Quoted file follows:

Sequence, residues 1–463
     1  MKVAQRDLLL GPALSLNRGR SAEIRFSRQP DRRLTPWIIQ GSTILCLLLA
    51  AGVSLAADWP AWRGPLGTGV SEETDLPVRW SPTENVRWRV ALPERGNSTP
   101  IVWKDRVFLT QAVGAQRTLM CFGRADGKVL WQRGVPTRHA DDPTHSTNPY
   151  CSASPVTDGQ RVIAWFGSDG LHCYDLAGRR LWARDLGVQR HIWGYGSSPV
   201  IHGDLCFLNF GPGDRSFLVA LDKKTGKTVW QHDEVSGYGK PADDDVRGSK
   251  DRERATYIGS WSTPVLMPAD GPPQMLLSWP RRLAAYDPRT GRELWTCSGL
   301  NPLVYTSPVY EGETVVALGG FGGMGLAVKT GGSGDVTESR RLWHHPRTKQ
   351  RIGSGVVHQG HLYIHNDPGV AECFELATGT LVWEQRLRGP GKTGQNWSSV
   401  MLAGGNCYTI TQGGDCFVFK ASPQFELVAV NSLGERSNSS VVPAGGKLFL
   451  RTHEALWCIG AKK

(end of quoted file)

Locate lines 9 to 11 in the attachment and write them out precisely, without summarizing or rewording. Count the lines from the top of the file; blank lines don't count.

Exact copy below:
   351  RIGSGVVHQG HLYIHNDPGV AECFELATGT LVWEQRLRGP GKTGQNWSSV
   401  MLAGGNCYTI TQGGDCFVFK ASPQFELVAV NSLGERSNSS VVPAGGKLFL
   451  RTHEALWCIG AKK